Use accessories


This should be used judiciously. The room should be designed to create greater focus on the mix of antique and modern styles. Use only a handful of pillows on the corners of the couch.  Let the open spaces of the modern furniture stand out. Keep all accessories such as flower vases, family photos and vases at a bare minimum. Consider using black and white pictures
rather than colour photographs.

Maintain the same scale in the room

This depends on the size of the room. Tailored pieces do not go well with overstuffed
furniture. Low profile furniture with good construction and fabrics go well with modern
furniture. Position a large fainting couch next to a beautifully curved 17th century grandfather
clock. Or place a modernist lamp on top of a small marble table. The scale of the pieces
should work together.

Use new fabrics

Upholster Recamier sofa with marimekko fabric. Breathe some life into old pieces by using
fabric choices that complement the modern room elements.
Marimekko pattern


Create a unifying element in the room.

Curved Windsor chairs go well with angular modern tables. Place oriental rugs in a room with modern art and leather furniture or platform beds with pine chests. Another stunning design is to include Scandinavian country pieces with modern designs.

Accent a room with antique pieces with a few modern touches. Limit the influence of the modern pieces by creating an eye-catching focal point. For instance, hang a modern painting in a traditional dining room.

Minimize furniture

Beautiful rooms do not have a lot of furniture. Save space and focus on mixing few good
pieces of modern and antique furniture. Put clothing storage in the bedroom closet and focus
on incorporating high quality modern bed frames with neo-classical end tables topped with
high-tech lamps.

Author Bio:

William Robinson works at Loveday
Antiques who stock a wide range of antique furniture as well as specialist modern art pieces.
He enjoys working in the antiques trade and going to antique fairs and has his own collection
of footballing memorabilia.

Tuesday, April 2, 2013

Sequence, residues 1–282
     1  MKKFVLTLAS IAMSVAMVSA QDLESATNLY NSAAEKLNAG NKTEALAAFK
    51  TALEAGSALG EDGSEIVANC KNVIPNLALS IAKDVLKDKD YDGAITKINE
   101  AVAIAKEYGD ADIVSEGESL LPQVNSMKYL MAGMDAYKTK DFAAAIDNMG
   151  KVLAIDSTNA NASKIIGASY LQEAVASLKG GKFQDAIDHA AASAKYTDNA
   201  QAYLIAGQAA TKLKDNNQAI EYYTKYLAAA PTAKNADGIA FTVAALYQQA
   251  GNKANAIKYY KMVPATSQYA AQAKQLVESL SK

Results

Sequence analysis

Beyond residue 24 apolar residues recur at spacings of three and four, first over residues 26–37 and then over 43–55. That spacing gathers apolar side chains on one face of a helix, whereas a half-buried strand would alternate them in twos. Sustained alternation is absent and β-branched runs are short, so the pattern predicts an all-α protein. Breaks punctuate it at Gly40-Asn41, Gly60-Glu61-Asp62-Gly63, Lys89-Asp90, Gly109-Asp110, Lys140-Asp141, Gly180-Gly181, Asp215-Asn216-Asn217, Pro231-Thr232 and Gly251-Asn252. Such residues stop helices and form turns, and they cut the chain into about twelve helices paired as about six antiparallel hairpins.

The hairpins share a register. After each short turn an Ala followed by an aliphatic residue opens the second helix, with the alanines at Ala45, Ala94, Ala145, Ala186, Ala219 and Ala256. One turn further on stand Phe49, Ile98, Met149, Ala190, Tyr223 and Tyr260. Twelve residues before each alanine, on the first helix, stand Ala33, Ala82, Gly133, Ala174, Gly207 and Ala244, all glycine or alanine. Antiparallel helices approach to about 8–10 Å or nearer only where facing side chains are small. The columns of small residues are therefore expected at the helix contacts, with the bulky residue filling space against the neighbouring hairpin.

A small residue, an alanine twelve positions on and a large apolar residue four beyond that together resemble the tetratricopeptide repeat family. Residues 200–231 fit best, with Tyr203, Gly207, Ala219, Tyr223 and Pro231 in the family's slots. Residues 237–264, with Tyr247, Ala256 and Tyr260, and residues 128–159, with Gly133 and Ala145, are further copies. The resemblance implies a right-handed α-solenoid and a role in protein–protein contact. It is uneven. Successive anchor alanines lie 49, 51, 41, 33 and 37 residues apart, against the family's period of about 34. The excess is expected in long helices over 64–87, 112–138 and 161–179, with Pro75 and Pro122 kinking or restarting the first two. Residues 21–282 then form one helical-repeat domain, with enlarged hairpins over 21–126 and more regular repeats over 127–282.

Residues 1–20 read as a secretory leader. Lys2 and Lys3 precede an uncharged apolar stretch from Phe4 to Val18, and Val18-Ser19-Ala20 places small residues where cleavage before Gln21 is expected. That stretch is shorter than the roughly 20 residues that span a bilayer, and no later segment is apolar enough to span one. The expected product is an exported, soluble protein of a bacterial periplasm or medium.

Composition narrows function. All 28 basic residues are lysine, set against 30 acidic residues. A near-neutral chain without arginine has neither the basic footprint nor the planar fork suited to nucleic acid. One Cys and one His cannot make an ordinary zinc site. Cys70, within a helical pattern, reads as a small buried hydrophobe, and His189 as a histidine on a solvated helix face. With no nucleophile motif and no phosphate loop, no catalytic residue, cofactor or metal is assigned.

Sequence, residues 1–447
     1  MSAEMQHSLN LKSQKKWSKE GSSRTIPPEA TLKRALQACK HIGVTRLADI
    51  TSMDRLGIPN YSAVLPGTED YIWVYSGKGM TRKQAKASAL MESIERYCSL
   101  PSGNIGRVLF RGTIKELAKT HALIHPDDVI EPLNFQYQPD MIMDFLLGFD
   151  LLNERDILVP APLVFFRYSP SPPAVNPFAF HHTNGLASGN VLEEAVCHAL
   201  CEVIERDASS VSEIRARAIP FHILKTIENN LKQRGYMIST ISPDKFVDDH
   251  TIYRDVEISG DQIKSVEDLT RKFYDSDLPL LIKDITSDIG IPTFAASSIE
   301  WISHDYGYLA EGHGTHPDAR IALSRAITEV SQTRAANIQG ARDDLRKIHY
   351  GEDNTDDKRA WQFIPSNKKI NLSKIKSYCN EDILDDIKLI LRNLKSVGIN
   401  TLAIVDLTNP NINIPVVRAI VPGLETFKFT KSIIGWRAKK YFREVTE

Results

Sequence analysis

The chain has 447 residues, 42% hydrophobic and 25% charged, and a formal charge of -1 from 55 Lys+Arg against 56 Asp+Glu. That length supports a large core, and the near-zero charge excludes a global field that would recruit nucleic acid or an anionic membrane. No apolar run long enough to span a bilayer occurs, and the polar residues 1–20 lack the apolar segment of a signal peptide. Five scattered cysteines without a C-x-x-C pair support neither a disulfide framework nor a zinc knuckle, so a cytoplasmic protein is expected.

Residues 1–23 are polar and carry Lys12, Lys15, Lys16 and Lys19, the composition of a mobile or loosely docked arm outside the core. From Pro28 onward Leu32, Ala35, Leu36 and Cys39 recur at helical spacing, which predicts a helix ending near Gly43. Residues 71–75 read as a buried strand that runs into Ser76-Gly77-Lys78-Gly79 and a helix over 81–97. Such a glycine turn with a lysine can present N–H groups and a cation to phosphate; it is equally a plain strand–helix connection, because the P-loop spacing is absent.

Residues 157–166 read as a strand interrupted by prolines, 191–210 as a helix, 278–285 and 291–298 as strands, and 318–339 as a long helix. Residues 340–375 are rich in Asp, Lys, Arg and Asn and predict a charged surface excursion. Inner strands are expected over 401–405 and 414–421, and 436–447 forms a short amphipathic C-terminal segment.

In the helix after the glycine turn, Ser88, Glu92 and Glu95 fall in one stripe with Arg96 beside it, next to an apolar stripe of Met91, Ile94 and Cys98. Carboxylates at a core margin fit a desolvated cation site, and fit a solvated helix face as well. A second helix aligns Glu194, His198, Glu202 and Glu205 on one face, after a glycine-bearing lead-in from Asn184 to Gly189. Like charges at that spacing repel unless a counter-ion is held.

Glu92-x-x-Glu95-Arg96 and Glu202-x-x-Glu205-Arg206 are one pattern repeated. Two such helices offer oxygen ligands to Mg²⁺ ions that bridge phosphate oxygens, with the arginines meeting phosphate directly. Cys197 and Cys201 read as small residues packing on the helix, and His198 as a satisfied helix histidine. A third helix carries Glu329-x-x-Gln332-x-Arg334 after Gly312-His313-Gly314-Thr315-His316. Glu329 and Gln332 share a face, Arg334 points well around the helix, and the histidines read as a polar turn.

Guest Post: Finding the Right Color Scheme For Your House

image via LDA Architects
By: Tom Gilmore

For many people, decorating is one of the most enthralling parts of being a home owner. You'll get to pick out curtains, choose frames for pictures in the living room and, of course, decide on a color scheme. While painting can be redone, it's not something that's necessarily easily changed. How can you make sure you choose the right color scheme? Read on to find out :)

 Room by Room

If you try to look at your house as a whole, you are going to get overwhelmed and not have very much luck in terms of picking out a color scheme. Instead, think of each room as its own entity.
image via housepaintingtutorials.com
Each room does not have to be within the same color palate, but you might want to establish a sense of continuity. This can vary depending on the ultimate themes you choose, the size of your home, your budget, etc. A light blue room next to a burnt orange one can really have a striking contrast, but you also don't want to convey a sense of gawdiness.

 Establish a Theme

Before you make the final decision on the colors, you should consider what the theme of the room is going to be. Perhaps you want to have a beach-themed living room.
image via timticks.com
  In that case, a light blue is just perfect for the walls; you might even want to do an off-white if you're going to have blue couches. Perhaps you want to have a kitchen that reminds you of Italy, and you could select a deep red shade as your color.

 What You Like

 Sometimes, people get so caught up in what colors they want to paint their house that they forget part of it is about their own personal preferences. For example, if you detest yellow, do not feel as though you must incorporate this color into your house simply because it will match. In certain cases, it is easier to start with your dislikes. Cross the colors you absolutely do not like or want off of the list. After that, it will be easier to narrow down your choices and pick the colors that are just right for your home. You want your home to be warm and welcoming - if you're not even comfortable in it, it'll be hard to pull that off.

 Test Them Out

Take those little samples out of the book you have and put them up on the walls of the room. This method might not be enough to really get an idea of what colors the walls should be though. If that is the case, then you can buy some of your final choices and put samples of them on the wall. In doing so, you will actually get to see what the paint will look like in the final version. You can try out a few different examples to get a sense of the best fit for each room of your dwelling.
image via westcoastrenovationonline.com

 Picking up colors for your home can be difficult, but that does not mean it must be impossible. Of course, you do not want to be constantly painting and re-painting your own. However, remember that paints colors can be changed. This fact might help take some of the pressure off your shoulders and give you some ease in the decision-making process.

 Tom Gilmore writes about his career in the design industry. His recent work is about how make the transition from interior design to a graphic designer.